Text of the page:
Dunwoody to spend more than $400k on stormwater repairs

Dunwoody to spend more than $400k on stormwater repairs

The Dunwoody City Council approved spending more than $400,000 on five separate residential projects related to stormwater drainage, including pipe, foundation and sinkhole repairs at two separate city council meetings. 

The largest project presented before the council, amounting to $162,018, included storm water repairs at seven addresses along Vermack Road. According to the document presented to the public and council from David Elliott, stormwater manager for the city, “Problems with this stormwater system were originally located in 2012,” prompting repairs in 2014. 

“Several sections of the pipe system were partially crushed during installation, which resulted in a variety of problems,” according to the document. “The system is roughly 40 years old and beginning to fail from wear in several areas. The repairs in 2014 replaced the most damaged portions of this system and eliminated the immediate risk of flooding.”

The $162,018 figure also includes a 20 percent contingency, meaning the entire amount may not be spent. 

At the regularly scheduled March 14 meeting of Dunwoody’s city council, Councilman Terry Nall brought up the issue of stormwater repairs during a discussion about paving. Dunwoody officials have stressed in the past that every road within city limits will eventually be paved, prompting an opportunity to combine priorities.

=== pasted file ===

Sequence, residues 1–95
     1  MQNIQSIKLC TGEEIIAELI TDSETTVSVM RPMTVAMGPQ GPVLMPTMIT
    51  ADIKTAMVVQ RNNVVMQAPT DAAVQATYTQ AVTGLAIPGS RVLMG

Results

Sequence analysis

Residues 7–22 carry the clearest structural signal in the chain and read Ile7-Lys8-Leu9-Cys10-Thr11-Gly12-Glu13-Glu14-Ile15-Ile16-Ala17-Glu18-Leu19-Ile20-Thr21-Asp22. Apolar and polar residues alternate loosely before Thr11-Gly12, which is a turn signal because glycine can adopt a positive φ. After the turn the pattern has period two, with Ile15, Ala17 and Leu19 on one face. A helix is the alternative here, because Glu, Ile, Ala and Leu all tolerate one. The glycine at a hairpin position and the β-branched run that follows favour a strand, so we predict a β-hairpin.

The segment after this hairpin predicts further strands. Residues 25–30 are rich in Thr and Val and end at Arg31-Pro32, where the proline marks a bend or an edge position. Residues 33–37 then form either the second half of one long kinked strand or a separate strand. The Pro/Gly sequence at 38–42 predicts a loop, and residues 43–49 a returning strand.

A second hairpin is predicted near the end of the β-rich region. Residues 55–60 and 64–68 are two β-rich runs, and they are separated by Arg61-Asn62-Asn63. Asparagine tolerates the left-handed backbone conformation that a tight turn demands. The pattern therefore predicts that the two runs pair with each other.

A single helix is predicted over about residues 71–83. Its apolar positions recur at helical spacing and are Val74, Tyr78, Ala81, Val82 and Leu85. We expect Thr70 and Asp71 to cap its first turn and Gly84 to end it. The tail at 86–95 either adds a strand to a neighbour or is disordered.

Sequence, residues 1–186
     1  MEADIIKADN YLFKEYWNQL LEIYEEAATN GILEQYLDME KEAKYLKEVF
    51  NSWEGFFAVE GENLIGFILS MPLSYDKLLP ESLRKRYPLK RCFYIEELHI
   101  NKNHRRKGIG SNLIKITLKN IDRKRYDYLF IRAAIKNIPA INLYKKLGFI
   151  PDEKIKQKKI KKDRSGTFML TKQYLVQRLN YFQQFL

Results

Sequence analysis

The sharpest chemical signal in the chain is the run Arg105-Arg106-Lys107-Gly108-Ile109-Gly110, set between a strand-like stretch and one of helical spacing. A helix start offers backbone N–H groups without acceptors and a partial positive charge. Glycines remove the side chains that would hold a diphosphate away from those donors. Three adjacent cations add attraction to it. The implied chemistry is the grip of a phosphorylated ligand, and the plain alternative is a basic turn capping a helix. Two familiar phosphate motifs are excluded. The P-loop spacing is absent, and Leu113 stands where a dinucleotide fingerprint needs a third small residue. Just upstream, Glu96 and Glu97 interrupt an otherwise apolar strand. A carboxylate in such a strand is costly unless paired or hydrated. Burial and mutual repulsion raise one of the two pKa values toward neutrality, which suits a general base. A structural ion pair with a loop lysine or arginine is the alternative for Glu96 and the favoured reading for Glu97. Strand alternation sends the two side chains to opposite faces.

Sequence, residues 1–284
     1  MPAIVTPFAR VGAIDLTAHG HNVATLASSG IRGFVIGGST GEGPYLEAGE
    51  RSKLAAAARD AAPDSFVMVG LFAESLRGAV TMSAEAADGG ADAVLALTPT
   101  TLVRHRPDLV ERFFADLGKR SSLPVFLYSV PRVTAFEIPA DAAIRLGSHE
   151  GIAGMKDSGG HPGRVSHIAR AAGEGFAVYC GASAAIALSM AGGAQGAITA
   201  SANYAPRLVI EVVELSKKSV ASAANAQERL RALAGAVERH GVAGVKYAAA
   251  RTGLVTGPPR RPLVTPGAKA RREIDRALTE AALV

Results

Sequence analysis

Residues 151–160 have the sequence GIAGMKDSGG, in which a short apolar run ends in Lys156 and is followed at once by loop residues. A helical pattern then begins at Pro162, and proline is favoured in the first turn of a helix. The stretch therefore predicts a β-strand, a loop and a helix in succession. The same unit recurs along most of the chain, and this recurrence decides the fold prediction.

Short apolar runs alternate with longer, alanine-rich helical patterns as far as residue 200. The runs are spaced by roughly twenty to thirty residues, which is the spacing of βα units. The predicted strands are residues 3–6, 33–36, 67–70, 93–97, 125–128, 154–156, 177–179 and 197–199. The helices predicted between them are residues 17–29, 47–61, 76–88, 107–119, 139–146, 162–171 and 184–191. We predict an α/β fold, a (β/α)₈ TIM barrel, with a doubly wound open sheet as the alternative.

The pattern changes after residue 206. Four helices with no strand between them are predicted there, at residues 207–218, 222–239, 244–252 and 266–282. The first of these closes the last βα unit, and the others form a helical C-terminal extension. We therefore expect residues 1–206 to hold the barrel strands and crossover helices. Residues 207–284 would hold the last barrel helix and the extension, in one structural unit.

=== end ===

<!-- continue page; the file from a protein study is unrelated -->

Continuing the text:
“I’m all for extra paving,” Nall said. “But we need to have a conversation as a council that when we start adding a lot more money to paving, it also impacts the storm drain work. We always go in and look at all the storm drains [when paving], and we may be pushing some storm drain projects behind so we can look at storm drain projects for newly paved roads. Not to mention, it’s going to eat into our storm drain fund.”

A project at a residence along Devonshire Way will cost the city $72,734, including a 10 percent contingency. According to Elliott’s document memorandum presented to the council, a complaint concerning a sinkhole from a resident eventually resulted in the finding of a 300-foot pipe “deteriorated throughout its length.”

Another sinkhole complaint along Twin Branches Way in Dunwoody will cost the city $74,964 with contingency. Elliott told the council via memorandum that this particular case was caused by an overgrown root mass, which has since been taken care of.

Sinkhole complaints along Ben Creek Road found a “failed brick junction box” and “significantly deteriorated” pipe located near a residence. The project, which will cost Dunwoody $61,809 with contingency, will also require the rehabilitation of two headwalls. Headwalls are the concrete portion of outlet areas where pipes drain and are typically visible to the public. 

A project that initially cost Dunwoody $83,100 along Woodsong Drive will now cost the city $100,545 following the city council approval March 28, making the grand total for all projects approved $472,070. 

According to Dunwoody’s proposed 2016 budget, more than 25 stormwater repair and replacement projects took place throughout the city in 2015. According to the city’s approved budget for 2016, Dunwoody spent approximately $2.1 million on stormwater projects last year and has requested $1.9 million for the remainder of 2016.  

Dunwoody reserves approximately $3.4 million in stormwater funds for repairs and “catastrophic stormwater events.” The city also sets aside $24,000 for street sweeping to help combat stormwater effects such as debris and flooding. 

Dunwoody holds public city council meetings every second and fourth Monday at 6 p.m. For more information, visit www.dunwoodyga.gov.


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